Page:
The views expressed in this article are strictly those of Max Wideman.
The contents of the book under review are the copyright property of the author.
Published here August 2018

Introduction | Book Structure | What We Liked
Downside | Summary

What We Liked

This book is well written in a clear and understandable light and easy style. Of course, that's the way it should be considering that the foundation of influence is communication. Indeed, the author observes that: "To enhance your influence, you need to evaluate your communication based on facts, not feelings."[7] The key to the book is the following Influence Model diagram, Figure 1.

Figure 1: The Influence Model
Figure 1: The Influence Model

Author Stacey Hanke first sets out to demolish three myths of Influence:

  • Myth #1: I feel influential, therefore I am.    Reality: Influence is evidenced by results.
  • Myth #2: Influence is situational.    Reality: Influence is all the time, in every situation.
  • Myth #3: Title = Influence.    Reality: Anyone has the capacity to be influential if they are willing to do the work.

Each of these is described in some detail and then she goes on to focus specifically on Technology. As she says: "Technology has made it easier for us to communicate, yet much more difficult for us to influence others."[8] In short: "Business has stopped talking and started texting."[9] But do you have people's attention, because if you don't have people's attention, you cannot influence them.[10]

At this point we cannot help ourselves but to comment on the use of texting by the current President of the USA. The President early discovered that for getting his message out the use of texting is ideal for circumvent the otherwise need to rely on an antagonistic public media. Of course, the media is outraged by being bypassed and so the more he tweets the madder the media gets and responds in further outrage. This way he garners even more public attention. That is easy, cheap and effective for reaching large numbers of people. The only constraint is that with a limit of 140 characters, you must choose your words very carefully.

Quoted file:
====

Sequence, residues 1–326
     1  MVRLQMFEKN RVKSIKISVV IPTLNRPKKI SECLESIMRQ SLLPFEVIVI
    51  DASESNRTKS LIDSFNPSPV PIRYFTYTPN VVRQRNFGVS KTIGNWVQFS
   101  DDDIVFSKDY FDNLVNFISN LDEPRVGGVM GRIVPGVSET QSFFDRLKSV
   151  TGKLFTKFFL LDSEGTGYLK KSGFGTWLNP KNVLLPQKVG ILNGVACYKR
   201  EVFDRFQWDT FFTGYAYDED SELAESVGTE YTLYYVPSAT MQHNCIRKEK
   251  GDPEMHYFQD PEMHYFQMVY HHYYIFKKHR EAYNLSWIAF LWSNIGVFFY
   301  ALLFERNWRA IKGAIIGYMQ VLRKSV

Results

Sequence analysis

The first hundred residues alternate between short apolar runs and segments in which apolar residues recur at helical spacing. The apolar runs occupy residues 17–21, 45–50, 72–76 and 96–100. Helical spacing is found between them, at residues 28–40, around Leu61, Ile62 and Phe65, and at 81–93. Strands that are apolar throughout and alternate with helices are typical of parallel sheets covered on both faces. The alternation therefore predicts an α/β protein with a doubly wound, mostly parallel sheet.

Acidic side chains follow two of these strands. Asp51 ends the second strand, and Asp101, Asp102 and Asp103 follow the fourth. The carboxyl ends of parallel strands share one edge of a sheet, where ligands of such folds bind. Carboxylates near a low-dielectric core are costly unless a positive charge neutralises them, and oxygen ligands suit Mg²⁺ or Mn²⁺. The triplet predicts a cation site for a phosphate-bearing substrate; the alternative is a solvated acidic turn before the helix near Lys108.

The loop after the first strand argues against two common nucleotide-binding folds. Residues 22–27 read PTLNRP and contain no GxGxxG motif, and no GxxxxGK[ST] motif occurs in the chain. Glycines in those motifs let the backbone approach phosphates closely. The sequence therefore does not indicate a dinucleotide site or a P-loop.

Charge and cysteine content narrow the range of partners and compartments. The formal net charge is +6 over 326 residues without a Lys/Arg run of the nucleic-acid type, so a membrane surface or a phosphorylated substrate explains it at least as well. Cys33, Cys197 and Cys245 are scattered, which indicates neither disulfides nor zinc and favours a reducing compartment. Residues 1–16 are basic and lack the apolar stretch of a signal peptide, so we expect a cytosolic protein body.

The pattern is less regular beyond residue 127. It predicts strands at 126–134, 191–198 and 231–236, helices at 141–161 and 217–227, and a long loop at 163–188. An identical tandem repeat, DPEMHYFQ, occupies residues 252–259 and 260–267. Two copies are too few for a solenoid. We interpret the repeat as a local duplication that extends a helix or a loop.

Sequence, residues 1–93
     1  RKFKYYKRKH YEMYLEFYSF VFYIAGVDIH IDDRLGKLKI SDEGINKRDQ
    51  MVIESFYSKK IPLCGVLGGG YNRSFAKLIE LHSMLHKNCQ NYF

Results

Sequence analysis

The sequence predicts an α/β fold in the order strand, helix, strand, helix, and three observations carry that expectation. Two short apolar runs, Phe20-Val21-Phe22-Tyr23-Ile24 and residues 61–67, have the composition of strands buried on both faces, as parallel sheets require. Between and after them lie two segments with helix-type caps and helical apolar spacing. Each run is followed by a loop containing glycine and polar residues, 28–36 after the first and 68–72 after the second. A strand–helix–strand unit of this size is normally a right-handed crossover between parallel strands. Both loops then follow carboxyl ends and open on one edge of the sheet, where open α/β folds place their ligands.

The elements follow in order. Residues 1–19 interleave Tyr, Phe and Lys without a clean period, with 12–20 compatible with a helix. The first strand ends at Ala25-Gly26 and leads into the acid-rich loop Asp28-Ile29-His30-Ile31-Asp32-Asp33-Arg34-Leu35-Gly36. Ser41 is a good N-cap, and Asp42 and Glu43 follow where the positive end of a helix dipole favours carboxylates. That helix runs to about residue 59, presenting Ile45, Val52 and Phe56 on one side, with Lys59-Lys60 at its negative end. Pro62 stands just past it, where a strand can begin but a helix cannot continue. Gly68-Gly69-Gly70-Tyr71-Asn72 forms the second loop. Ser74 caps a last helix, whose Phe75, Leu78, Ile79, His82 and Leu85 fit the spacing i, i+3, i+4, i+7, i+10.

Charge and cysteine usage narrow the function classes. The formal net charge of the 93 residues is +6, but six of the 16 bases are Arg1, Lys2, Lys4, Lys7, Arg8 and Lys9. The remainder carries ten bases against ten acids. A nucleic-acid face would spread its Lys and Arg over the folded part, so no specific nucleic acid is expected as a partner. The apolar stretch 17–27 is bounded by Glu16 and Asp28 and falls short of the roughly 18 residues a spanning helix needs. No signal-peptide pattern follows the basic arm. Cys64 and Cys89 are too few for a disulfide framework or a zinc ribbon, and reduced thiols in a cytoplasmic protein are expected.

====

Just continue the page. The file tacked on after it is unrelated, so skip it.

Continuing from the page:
Meantime, our author Stacey goes on to provide her advice on reaching a state of Influence by working her way up the ladder of her Influence Model. To this end, she provides a brief explanation of each lower level as follows.[11]

"• Self-awareness. How we perceive ourselves is usually quite different from how others perceive us. When it comes to our communication, we don't know what we don't know. We are often unaware of what our listeners and readers actually hear, see and interpret. Self-awareness is the first step to influence because without it, we can't make improvements.

• Consistency. To be influential at the highest level, we must be consistent in two key areas. First, our message and our delivery must be in sync. Second, our communication must be consistent Monday to Monday®, meaning that we communicate with influence every day, in every interactions.

• Reputation. We can't have influence without a consistently honorable reputation. Reputation represents not only how we define ourselves, but also what others can expect from us. Our reputation precedes us, affecting our influence (either positively or negatively) before we utter or write a single word.

• Adaptability. A key element of influence is being able to adapt our message and communication style on the fly not meet our listeners' and readers' expectations, needs and objectives.

• Impact. When we connect with our listeners and readers on an emotional level, we give our message momentum. Momentum allows us to make an impact even when we are not physically present.

Each element, starting with self-awareness, builds on the ones before it. Leave one out, and it will be difficult to develop influence. When we embrace all elements of influence, we are no longer merely good communicators, we become influential leaders, able to inspire people to action long after the interaction is over."

By the way, Stacey offers some useful complimentary "Feedback" download material and check lists on her web site[12]

Book Structure  Book Structure

7. Ibid, p120
8. Ibid, p16
9. Ibid, p17
10. Ibid, p20
11. Ibid, pp55-56
12. Ibid, p120
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